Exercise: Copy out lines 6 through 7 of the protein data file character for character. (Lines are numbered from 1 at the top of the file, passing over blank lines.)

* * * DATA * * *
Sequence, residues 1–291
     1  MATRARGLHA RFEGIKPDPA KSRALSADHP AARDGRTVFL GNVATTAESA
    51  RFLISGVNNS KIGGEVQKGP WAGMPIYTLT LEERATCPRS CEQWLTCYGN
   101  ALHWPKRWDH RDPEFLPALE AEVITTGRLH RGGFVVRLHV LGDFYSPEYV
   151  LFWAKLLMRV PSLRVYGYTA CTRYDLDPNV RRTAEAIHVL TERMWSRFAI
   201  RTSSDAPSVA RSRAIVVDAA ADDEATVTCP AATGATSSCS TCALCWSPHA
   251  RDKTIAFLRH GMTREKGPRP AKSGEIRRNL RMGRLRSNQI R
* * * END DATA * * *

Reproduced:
   201  RTSSDAPSVA RSRAIVVDAA ADDEATVTCP AATGATSSCS TCALCWSPHA
   251  RDKTIAFLRH GMTREKGPRP AKSGEIRRNL RMGRLRSNQI R